The arab spring has unleashed a worldwide hunger for freedom, equality, and democracy. As we enter 2012, I hope to see more popular uprisings against tyranny, discrimination, and injustice in all forms. International solidarity should be our new years resolution.
Injustice anywhere is a threat to justice everywhere.
One of the most important aspects of successful totalitarian regime is a well run division of surveillance. Luckily, American corporations have become very skilled at this to the point where they will send spies around the world to follow employees who happen to be lovers.
Like many of you I am disgusted by the extreme police brutality that we've seen during the Wall Street Occupation. Sadly this is not a new thing in our supposedly free country. Way back in '08, during protests against the Twin Cities RNC, peaceful protesters were roughed up and arrested. In addition, the police arrested award winning journalist Amy Goodman as well as her producer Nicole Salazar whom they gave a bloody nose.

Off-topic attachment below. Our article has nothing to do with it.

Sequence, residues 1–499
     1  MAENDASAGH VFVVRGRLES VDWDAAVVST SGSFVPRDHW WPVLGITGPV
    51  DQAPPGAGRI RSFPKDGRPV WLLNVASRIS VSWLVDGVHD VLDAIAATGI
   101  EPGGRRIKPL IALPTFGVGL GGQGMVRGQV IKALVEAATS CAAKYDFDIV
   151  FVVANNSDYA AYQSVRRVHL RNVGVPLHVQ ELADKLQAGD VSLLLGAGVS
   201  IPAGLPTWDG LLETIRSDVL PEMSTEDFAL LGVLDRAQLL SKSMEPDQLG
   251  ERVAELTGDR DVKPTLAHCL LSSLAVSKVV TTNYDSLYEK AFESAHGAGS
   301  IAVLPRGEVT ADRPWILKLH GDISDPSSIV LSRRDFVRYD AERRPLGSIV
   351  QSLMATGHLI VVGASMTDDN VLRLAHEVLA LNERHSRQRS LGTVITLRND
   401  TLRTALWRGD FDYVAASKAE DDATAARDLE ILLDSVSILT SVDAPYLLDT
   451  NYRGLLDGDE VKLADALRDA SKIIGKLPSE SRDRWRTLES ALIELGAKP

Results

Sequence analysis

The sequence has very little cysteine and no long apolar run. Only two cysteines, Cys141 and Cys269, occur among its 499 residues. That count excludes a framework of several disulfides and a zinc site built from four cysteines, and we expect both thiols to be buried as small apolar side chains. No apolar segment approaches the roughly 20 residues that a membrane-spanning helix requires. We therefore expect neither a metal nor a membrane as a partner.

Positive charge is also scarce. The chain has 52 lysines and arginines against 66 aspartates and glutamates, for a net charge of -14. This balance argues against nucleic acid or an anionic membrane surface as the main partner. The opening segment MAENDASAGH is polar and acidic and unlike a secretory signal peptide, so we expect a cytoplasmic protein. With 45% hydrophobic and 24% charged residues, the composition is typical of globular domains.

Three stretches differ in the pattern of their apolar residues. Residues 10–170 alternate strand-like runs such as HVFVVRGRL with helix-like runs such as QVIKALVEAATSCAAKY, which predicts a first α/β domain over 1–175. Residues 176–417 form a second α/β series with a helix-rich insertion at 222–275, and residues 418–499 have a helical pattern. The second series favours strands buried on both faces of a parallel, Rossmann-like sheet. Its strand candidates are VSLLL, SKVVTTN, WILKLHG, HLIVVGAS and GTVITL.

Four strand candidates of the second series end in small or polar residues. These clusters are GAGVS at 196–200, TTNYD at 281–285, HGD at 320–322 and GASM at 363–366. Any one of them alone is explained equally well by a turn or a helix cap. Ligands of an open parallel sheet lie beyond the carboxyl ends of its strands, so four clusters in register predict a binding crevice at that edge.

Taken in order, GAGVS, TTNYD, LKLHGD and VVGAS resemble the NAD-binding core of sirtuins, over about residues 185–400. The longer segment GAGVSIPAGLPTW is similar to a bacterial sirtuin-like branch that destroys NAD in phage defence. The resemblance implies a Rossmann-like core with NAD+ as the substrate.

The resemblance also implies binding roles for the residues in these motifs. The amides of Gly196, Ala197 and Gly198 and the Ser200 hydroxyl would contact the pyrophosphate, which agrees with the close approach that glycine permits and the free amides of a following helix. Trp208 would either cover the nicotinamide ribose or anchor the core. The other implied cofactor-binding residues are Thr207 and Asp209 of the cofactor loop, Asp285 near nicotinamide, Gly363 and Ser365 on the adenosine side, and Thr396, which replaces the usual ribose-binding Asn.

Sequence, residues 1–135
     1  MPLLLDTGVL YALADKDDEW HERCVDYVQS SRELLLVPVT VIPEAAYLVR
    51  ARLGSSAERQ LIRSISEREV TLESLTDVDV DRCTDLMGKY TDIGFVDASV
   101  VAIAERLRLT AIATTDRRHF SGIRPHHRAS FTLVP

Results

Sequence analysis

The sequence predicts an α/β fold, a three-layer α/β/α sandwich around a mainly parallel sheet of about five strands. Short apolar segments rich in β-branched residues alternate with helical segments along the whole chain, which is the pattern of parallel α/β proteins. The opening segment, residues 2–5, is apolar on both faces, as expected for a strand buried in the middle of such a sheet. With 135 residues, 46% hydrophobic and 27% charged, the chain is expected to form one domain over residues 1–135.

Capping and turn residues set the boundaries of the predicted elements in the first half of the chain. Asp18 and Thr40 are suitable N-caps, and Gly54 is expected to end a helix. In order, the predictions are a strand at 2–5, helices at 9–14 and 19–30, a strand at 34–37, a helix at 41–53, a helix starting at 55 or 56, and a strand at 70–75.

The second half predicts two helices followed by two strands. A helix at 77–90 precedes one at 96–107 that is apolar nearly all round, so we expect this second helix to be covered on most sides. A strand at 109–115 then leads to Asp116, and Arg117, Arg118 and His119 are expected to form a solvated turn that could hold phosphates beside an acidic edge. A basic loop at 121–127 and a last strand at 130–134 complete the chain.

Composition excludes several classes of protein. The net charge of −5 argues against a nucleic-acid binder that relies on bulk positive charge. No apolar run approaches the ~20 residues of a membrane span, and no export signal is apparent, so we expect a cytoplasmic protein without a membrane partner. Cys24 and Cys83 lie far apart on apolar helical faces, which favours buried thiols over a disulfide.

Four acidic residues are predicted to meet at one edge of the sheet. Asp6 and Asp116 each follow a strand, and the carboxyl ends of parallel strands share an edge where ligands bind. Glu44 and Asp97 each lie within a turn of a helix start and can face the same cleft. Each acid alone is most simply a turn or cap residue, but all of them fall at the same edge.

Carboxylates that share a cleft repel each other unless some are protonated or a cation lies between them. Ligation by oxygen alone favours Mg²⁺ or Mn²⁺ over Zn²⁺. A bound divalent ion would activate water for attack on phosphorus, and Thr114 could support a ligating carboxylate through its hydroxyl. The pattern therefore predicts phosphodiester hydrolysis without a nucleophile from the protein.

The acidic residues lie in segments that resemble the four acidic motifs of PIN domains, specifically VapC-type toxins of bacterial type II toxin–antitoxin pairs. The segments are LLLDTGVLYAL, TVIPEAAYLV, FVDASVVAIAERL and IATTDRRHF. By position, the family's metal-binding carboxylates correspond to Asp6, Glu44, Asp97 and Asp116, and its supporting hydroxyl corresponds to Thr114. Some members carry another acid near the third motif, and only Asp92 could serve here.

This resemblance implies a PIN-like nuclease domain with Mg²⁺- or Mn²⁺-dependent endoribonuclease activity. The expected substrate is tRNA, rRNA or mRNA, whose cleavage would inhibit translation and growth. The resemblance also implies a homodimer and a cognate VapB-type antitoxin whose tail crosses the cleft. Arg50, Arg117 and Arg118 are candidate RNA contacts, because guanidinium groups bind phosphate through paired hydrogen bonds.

Those cops were very violent, but they picked the wrong ladies to mess with. I'm happy to say the Twin Cities police lost in court today, and they lost big.
Corporations are dictatorships. The major shareholders and the board of directors make all of the important decisions which are passed down the chain of command to employees who have no say in this process. When working people, who are the vast majority, can take no part in the decision making process, it certainly ain't democracy.
If you think that I’m being hyperbolic than I suggest you take a look at Foxconn, the worlds second largest employer. Foxconn is a Taiwanese manufacturing firm that makes familiar products for companies like Apple, Dell, HP, Nintendo, Playstation, Nokia and Motorola. Foxconn has had enormous success in the past 15 years growing more than 50% per year and bringing in $40 billion in revenue making it “equal to that of it’s 10 biggest global rivals combined.” Yet behind their impressive growth is something more sinister.